The WCS Minimum Color Difference (MinCD) baseline gamut mapping model is conceptually the simplest of our gamut mapping algorithms. It corresponds roughly to the ICC colorimetric rendering intents, and like them it comes in two flavors that roughly correspond to the ICC relative and absolute colorimetric rendering intents.

MinCD differs from the ICC colorimetric intents primarily in that it operates on gamut boundary descriptions (GBDs) in the WCS color appearance model space (CAM space), rather than in the ICC colorimetric profile connection space (PCS)... So it is not really "colorimetric" in that sense.

Like the ICC colorimetric intents, source colors that fall within the destination gamut are unchanged, and source colors that fall outside the destination gamut are mapped to the "nearest" color on the destination GBD surface. For out of gamut colors, lightness and chroma are adjusted by finding the point in the destination’s gamut surface that has the mimimum weighted color distance from the out of gamut input point. The color distance is computed in CIECAM02 JCh space. However, we weight the distance in lightness (J) and the distance in chroma (C) or hue (h) differently. A chroma-dependent weighting function is used for the distance in lightness so that the weight is smaller for small chroma and larger for large chroma until a threshold chroma is reached, after which the weight stays at 1, i.e. same weight as distance in chroma or hue. Our lightness weighting function looks like this:

wJ = k2 – k1 (C – Cmax)n


where k2 = 1, k1 = 0.75/(Cmax)n, Cmax = 100, n = 2 and C is the smaller of chroma of the query point and Cmax.

so that a weight of 0.25 is put on the J term when chroma is zero, and a weight of 1 when chroma is 100. The trend of putting less weight on J when chroma is small, more weight on J when chroma is large follows the recommended usage for CMC and CIEDE2000.

Here are the two variants:

"Relative" (specified by the Proofing.gmmp gamut mapping model profile) - First we align the source and destination neutral axes in CAM space as described in Part 1 of this series, Gamut Mapping in WCS, Part 1. Source colors are converted into CAM space using the source device model to give XYZ and the CIECAM02 conversion and the source viewing conditions. We then apply the source neutral axis adjustment to the source color in CAM space. Then we clip the adjusted source color to the nearest color on the adjusted destination gamut boundary. We then apply the inverse of the destination neutral axis adjustment to give us the output color in CAM space. We then use the inverse (CAM to XYZ) CIECAM02 conversion, parameterized using the destination viewing conditions, followed by the destination device model to produce the output color in the destination device color space.

"Absolute" (specified by the MediaSim.gmmp gamut mapping model profile) - This is similar to "Relative" but without the alignment of the source and destination neutral axes, and so, without the neutral axis adjustments being applied to the colors being mapped. Thus, source colors in CAM space are clipped directly to the un-adjusted destination gamut boundary in CAM space.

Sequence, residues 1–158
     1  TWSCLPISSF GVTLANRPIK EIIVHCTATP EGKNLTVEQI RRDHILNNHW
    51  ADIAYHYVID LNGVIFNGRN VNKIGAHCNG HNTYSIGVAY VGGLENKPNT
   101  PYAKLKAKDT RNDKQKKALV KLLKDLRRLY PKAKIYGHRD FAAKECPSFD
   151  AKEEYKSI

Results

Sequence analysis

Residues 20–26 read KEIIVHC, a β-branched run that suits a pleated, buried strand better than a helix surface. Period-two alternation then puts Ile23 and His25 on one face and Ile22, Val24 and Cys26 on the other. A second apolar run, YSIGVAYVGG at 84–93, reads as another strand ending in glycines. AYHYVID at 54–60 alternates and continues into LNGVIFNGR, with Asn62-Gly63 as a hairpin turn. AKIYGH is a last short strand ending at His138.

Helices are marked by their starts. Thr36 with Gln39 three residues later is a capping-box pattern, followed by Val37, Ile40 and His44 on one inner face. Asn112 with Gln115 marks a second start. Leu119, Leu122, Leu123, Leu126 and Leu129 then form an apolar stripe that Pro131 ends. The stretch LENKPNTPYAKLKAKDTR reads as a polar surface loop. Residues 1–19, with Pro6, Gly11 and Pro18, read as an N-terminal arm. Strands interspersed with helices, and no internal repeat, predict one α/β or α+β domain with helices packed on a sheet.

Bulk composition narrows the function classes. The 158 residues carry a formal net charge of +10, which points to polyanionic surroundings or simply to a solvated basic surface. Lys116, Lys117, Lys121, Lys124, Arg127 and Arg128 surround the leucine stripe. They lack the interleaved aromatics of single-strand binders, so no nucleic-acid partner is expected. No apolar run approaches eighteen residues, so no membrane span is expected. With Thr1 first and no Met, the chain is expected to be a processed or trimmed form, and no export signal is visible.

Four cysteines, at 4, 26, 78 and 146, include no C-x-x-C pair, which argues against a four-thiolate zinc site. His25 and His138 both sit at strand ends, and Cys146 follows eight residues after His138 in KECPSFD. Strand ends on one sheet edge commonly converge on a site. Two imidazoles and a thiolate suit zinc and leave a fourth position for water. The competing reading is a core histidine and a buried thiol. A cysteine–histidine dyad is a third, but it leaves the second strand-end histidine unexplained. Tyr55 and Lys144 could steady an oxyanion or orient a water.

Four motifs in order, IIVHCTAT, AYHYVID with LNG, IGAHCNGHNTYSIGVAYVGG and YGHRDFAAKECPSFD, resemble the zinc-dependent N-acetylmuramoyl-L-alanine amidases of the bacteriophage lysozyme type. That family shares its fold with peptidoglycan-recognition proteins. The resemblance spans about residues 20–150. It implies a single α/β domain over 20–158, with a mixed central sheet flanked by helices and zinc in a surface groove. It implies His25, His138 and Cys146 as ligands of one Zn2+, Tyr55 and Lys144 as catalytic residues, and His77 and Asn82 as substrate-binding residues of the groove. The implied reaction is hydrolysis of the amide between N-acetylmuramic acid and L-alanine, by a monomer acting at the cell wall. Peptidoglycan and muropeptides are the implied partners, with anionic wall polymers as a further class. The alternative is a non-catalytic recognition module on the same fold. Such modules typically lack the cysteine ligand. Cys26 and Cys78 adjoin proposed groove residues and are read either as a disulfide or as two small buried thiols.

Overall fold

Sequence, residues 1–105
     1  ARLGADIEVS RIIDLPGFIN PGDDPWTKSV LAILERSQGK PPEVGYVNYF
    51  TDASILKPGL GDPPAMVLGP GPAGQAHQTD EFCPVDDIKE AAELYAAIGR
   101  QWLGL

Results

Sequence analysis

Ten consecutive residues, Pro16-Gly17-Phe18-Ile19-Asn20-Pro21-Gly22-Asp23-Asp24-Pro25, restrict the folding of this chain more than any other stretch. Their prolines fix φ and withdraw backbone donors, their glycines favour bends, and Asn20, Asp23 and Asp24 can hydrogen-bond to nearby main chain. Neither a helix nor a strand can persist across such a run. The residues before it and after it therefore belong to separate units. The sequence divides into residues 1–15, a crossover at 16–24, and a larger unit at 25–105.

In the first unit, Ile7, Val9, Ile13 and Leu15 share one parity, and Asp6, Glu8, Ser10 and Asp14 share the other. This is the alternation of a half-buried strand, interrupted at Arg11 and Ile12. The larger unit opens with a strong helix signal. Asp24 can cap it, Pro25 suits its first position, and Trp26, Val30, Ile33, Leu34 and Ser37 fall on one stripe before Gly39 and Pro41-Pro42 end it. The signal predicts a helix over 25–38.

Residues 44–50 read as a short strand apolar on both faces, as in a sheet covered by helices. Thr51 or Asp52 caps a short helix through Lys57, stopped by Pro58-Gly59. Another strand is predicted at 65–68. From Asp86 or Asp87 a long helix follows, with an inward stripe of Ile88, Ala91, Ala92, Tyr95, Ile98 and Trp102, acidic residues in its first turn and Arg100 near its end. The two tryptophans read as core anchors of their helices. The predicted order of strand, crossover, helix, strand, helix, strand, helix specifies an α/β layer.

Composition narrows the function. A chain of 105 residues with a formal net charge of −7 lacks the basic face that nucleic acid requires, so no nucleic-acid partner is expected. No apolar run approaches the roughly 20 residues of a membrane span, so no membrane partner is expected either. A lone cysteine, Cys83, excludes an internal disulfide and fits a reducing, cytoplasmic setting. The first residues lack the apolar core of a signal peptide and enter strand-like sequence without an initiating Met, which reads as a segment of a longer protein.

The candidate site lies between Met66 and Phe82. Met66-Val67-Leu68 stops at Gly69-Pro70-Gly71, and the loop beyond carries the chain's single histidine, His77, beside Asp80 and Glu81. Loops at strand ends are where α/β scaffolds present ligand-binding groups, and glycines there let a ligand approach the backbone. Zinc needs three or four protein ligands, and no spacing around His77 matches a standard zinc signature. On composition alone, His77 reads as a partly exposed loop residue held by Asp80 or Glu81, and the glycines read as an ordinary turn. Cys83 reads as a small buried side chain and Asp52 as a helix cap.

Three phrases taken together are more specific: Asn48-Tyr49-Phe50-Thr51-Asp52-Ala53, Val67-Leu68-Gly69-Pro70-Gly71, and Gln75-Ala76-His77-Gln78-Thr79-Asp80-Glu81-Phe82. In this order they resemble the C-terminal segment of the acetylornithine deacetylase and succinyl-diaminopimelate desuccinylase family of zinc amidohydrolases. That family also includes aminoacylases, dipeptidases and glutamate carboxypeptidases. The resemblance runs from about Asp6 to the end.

The MinCD GMMPs are primarily intended for use in the final stage of simulation or proofing color transforms. An example of this would be simulating output from a printer on your display ("softproofing"). Such transforms look like this (assuming a photographic or contone source image):

source space -> Photo.gmmp -> printer space -> [MinCD] -> display space

In most cases [MinCD] should be the "relative" variant, Proofing.gmmp, this will map the printer's neutral axis onto the display's neutral axis: the printer's paper white will map to the display's whitepoint. This is usually what you want when softproofing. There are cases where you want to simulate the appearance of the printer substrate or media ("paper color") on the display device. Using the "absolute" variant of MinCD, MediaSim.gmmp, will accomplish this - the color of the printer's substrate will not be mapped to a neutral on the display. This will give the displayed image an apparent color cast, relative to the display's whitepoint. MediaSim.gmmp should only be used when such media simulation is desired.

Another use for the "relative" variant of MinCD, Proofing.gmmp, is for rendering "logo colors". Proofing.gmmp will render in-gamut colors exactly, and that is generally what you want for colors used in logo graphics.

One caveat is that MinCD may produce undesireable artifacts in smooth gradients that cross the destination gamut boundary. The clipping of the out-of-gamut colors in the gradient to the nearest colors on the destination gamut boundary may result in changes in chroma or lightness that appear as banding or oscillation in the output gradient. This depends on the shape of the destination gamut boundary and the colors in the gradient.

The WCS Photographic baseline gamut mapping model, specified by Photo.gmmp, will render such gradients without artifacts.

I will describe the WCS Photographic baseline gamut mapping model in the next posting in this series.